The sociology of media is the study of how mass media communication impacts people's views of each other as well as their daily interactions. This particular sub-field of sociology is often concerned with how mass media relates to the transmission and accessibility of information between different groups of people. Scholars who study the sociology of media often outline how digital communication differs from face-to-face interaction. They also sometimes attempt to document how different types of media are designed to affect people's behavior, particularly in areas such as advertising and entertainment. The sociology of media actually differs from the sociology of technology because it encompasses a wider range of communication mediums such as newspapers, films, and television shows in addition to the Internet.
Studying the sociology of media often includes examining how different kinds of mass media are structured and designed. Some factors such as regulation impact the content of different forms of media, and sociologists sometimes form case studies of why such regulations are in place. They can also document the perceived objectivity or neutrality of various media such as print, television, Internet, and radio. A few of these mediums are considered more timeless than others, and some studies attempt to provide explanations for these changing trends.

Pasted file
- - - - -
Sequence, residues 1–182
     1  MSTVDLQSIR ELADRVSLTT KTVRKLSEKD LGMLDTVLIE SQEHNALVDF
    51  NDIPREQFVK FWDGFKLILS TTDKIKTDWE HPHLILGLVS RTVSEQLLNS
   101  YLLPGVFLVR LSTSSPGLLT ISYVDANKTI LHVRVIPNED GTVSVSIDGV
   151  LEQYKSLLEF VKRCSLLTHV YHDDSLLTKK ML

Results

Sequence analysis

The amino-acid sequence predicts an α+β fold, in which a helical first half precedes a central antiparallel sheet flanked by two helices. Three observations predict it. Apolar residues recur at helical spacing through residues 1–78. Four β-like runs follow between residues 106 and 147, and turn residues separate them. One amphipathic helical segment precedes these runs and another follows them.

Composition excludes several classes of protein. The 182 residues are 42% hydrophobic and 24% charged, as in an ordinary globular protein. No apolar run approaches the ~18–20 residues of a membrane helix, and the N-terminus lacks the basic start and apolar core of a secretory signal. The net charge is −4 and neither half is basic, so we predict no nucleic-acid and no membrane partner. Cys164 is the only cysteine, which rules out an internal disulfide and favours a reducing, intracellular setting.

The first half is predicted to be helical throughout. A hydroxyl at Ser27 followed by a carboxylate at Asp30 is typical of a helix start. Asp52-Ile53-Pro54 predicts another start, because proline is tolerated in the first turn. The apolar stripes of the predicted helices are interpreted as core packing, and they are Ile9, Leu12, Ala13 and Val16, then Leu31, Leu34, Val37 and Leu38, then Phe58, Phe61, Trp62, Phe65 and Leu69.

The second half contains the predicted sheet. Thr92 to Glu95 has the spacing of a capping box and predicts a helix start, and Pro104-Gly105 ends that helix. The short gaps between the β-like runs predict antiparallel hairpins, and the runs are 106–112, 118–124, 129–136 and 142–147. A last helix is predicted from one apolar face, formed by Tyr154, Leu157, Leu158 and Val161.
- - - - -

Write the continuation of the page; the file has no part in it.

Technology is a frequent topic in the sociology of media because it is considered a main factor in many of the changes that are noticeable in mass media studies. Innovations in communication technology bring increasing amounts of information to audiences that are much larger and more diverse than in the recent past. A related area of interest addresses how various kinds of media shape people's ideas of acceptable behavior within their given culture. Clashes between traditional and media-advertised values are also frequent topics of interest in this area of sociology.
Learning sociology usually entails examining and applying existing theories to different situations. Three specific theories in the sociology of media are known as the class dominant theory, the limited effects theory, and the culturalist theory. The class dominant theory maintains that an elite few actually own and control the mass media along with its content. Proponents of the limited effects theory claim that audiences are generally selective about the media in their daily lives based on their existing beliefs. The culturalist theory focuses on active roles that audiences take in their media viewing and communication habits in terms of evaluating, accepting, or dismissing the messages they see and hear.